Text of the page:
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An impressive line up of European and Chinese literati gathered tonight to launch the inaugural China- EU Literary Festival.

An impressive line up of European and Chinese literati gathered tonight to launch the inaugural China- EU Literary Festival.

Article by Andy Killeen

The event was opened by the European Union’s Ambassador to China, Hans Dietmar Schweisgut. It brings together writers from eight European countries and six prominent Chinese writers, who were each asked to introduce themselves and their writing in one minute.

The writers responded with a mixture of insight and self-deprecating humor.

“A whole minute to define my work is a little bit too much,” said poet, playwright and novelist Guy Helminger, “so I’m going to tell you a different story.” He amusingly described his struggles to get people in Beijing to accept that his homeland Luxembourg is a real country. However, he added, “in Europe not many people know anything about contemporary Chinese literature. That’s why I’m glad that festivals like this exist.”

Marius Burokas, a Lithuanian poet, said: “It’s a very hard question for poets to answer. Because most poets don’t know what the hell they’re writing about.”

Paolo Colagrande, a novelist and editor from Italy, expressed his gratitude to the European organization which had brought him here. “Considering,” he added drily, “that in Italy they are all writers. We have just a few readers. So it’s a great honor to have been chosen.”

Austrian novelist Richard Obermayr talked about writing as “an exercise of postponing decisions, postponing jumping to conclusions.” He talked about the frantic pace of modern life, and declared a hope that “in literature, you might find yourself slowing down a little.”

Dimitrios Stefanakis compared the deep-rooted culture of his native Greece with China, another home to an ancient civilization. “As a Mediterranean writer,” he said, “I mostly make use of three elements: the light, the sea, and memory.”

Zhu Wenying, the Shanghai novelist, talked about “the necessity for cultural communication.”
“What we see about human nature is out of our imaginations,” she said, “sometimes correct, sometimes not.

“What 20 years of writing has taught me,” she said, “is that through two or three sentences, I will know whether someone will be my friend and how close we will be.”

Jasna Horvat, from Croatia, is a true polymath, a writer of fiction for children and adults, a maker of myths and a literary experimenter, a cultural commentator and a Professor of Economics. She talked about the history of the Silk Road; “we were connected a long time ago,” she said, “and now we are here to build new, literary connections between Europe and China.”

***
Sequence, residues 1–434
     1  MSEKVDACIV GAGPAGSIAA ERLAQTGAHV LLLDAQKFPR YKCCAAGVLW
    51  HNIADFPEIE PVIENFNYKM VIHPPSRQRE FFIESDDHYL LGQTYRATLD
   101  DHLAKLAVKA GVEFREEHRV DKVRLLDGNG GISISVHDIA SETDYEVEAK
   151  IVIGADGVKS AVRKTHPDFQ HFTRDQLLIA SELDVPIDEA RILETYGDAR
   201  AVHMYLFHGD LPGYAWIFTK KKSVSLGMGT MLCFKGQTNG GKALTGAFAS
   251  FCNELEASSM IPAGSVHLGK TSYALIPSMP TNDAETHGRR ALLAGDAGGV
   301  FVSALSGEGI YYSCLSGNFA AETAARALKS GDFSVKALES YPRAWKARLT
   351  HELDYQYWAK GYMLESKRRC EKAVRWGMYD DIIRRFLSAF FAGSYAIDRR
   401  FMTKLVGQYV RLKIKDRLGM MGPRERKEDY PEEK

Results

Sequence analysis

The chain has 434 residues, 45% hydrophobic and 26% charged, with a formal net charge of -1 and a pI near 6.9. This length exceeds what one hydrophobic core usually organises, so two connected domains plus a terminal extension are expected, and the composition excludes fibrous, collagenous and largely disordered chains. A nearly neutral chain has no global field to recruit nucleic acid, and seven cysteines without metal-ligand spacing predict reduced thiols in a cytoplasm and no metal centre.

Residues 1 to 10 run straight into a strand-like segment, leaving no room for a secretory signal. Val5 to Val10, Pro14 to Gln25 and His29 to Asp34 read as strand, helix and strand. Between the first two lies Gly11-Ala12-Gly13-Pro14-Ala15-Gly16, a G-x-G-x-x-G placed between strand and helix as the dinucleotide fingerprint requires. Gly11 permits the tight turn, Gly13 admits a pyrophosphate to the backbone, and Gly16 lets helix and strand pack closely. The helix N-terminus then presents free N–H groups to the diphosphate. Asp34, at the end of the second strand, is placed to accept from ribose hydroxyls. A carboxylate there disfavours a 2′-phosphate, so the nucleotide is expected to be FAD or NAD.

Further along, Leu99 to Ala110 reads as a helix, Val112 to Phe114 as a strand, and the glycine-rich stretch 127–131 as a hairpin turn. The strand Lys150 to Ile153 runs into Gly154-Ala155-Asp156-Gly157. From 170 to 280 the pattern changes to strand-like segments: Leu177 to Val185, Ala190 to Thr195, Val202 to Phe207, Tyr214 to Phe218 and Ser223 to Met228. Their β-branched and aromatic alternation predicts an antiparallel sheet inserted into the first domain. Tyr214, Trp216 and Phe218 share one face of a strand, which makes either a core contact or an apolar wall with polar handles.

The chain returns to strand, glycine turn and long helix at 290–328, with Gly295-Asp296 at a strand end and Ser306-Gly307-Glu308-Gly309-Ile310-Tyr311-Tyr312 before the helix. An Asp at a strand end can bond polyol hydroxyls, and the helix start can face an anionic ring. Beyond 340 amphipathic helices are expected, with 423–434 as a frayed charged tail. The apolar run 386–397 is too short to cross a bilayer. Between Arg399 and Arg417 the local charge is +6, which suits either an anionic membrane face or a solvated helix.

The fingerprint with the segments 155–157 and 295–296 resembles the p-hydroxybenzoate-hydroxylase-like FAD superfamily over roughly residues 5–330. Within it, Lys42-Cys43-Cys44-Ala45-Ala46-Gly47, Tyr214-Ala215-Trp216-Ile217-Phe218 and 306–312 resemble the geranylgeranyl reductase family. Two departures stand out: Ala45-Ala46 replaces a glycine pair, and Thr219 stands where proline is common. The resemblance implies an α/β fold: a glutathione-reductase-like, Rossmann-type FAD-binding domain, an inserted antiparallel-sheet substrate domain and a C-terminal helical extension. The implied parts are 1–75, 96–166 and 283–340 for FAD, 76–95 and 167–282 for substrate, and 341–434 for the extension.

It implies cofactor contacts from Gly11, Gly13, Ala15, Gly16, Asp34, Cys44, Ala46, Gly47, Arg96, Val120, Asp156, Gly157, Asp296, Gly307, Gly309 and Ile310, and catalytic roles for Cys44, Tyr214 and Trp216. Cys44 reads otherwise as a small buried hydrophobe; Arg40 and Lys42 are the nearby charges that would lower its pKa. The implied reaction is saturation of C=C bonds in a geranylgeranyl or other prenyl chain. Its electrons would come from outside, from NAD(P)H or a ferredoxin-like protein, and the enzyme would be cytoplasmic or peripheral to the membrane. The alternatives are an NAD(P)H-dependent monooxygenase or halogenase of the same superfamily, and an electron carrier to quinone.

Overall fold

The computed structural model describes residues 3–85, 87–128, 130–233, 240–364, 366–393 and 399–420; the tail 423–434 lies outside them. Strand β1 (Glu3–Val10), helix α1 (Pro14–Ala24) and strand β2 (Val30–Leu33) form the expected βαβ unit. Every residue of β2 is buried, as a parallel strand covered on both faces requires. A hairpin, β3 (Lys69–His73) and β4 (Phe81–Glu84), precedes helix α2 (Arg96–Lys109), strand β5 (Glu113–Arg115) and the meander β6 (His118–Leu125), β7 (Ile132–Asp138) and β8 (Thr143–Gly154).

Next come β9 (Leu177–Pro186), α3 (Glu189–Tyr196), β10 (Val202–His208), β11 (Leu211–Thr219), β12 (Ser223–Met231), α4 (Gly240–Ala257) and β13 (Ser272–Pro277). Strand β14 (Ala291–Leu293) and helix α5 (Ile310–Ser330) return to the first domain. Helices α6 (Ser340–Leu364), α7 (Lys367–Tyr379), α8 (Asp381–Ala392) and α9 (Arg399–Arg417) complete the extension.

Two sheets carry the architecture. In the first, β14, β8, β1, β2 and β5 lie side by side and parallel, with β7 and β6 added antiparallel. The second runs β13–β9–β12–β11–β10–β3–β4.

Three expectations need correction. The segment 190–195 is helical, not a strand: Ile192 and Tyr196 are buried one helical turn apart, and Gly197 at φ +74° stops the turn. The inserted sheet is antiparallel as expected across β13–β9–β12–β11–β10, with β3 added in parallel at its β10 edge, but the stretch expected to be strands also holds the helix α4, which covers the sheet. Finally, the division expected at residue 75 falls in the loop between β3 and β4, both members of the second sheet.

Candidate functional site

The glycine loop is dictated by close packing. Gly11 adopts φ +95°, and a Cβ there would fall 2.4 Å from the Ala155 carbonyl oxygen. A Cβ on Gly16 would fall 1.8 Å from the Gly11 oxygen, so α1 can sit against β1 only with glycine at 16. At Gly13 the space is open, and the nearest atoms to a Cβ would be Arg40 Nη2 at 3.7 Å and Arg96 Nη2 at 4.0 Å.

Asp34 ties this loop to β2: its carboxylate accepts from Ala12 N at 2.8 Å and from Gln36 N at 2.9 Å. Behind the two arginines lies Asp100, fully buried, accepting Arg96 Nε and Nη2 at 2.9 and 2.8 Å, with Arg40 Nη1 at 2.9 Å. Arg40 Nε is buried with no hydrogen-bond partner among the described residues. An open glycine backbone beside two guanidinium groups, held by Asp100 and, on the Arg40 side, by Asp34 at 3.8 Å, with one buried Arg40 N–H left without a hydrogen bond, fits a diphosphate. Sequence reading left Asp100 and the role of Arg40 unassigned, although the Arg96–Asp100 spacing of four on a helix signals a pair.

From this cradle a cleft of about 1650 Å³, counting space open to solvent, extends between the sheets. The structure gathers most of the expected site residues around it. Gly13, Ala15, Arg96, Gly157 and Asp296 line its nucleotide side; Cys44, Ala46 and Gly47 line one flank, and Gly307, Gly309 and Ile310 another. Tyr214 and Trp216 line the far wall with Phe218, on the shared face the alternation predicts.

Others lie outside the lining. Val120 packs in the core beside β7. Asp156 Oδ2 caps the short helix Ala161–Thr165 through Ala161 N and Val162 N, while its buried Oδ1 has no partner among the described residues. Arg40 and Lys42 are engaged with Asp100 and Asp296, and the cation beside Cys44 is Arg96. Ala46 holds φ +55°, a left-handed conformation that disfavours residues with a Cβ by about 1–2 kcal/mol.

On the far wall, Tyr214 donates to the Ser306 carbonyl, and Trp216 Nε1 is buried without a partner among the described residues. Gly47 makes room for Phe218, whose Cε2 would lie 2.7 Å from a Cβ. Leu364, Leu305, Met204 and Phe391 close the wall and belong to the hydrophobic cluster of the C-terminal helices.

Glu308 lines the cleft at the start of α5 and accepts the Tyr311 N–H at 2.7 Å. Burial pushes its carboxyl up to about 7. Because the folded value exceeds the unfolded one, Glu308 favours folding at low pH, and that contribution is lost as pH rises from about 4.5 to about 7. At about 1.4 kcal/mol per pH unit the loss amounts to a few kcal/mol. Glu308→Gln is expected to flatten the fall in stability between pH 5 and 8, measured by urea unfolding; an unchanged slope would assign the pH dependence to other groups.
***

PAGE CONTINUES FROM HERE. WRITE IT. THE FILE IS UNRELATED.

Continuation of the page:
A Yi describes his crime writing as “filled with death and dilemmas.” He talked about his former career as a policeman in Jiangxi province, before he discovered writing: “I felt I had found the profession of my life,” he said. “I sat up all night writing while my relatives were playing Mahjong.”

He acknowledged too the importance of the Bookworm to his career.

“My books have been translated into a lot of languages. It all started with the Bookworm. Now my books are the fastest translated of many contemporary Chinese writers.”

Novelist Lu Min also talked about the transformative power of writing, described how it turns life “from a piece of paper to the thickness of a book.”

Zuzana Kepplová, an editor and writer from Slovakia, said: “To be honest I never dreamed of coming to China. Reality was faster than my dreams. And that’s a characteristic of China, that reality is faster than dreams.”

The first question from the audience came from a competition winner. She asked whether it’s true that fiction, and particularly the novel, has the highest status among the literary arts.

Lu Min turned the question round, and asked why so many people still love reading novels. She said that the Chinese for novel, 小说 (xiăoshuō) means “small story”, but in a few pages fiction can show “the breadth and depth of humanity.”

Guy Helminger said he used “different genres for different purposes.” Plays are good for political subjects, he said, but he argued too for the importance of poetry. “We all the time want meaning, information,” he said. Fiction gives us that, but “poetry is the opposite. It opens a little space… allows a glimpse of light, of eternity.”

Isabella Wéry, a novelist, actress and singer from Belgium, agreed that theater was a good place for politics. “I write novels,” she said, “when I want to whisper a story in the ear of the listener.”

A Yi had the last word though, when he said that “the novel, like all literature, provides a temptation or pleasure, which far exceeds ordinary things like TV, opera, film, food, or life.”

Judging from their opening sallies, the discussions with and between these writers over the next two days promise to be both entertaining and enlightening.